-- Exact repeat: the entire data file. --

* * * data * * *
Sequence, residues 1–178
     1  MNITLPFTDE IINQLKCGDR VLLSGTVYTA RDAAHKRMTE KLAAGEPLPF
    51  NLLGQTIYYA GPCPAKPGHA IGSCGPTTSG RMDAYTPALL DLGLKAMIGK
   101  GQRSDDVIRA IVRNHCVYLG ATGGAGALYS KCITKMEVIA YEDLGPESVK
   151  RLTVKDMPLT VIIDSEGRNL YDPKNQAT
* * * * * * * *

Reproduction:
Sequence, residues 1–178
     1  MNITLPFTDE IINQLKCGDR VLLSGTVYTA RDAAHKRMTE KLAAGEPLPF
    51  NLLGQTIYYA GPCPAKPGHA IGSCGPTTSG RMDAYTPALL DLGLKAMIGK
   101  GQRSDDVIRA IVRNHCVYLG ATGGAGALYS KCITKMEVIA YEDLGPESVK
   151  RLTVKDMPLT VIIDSEGRNL YDPKNQAT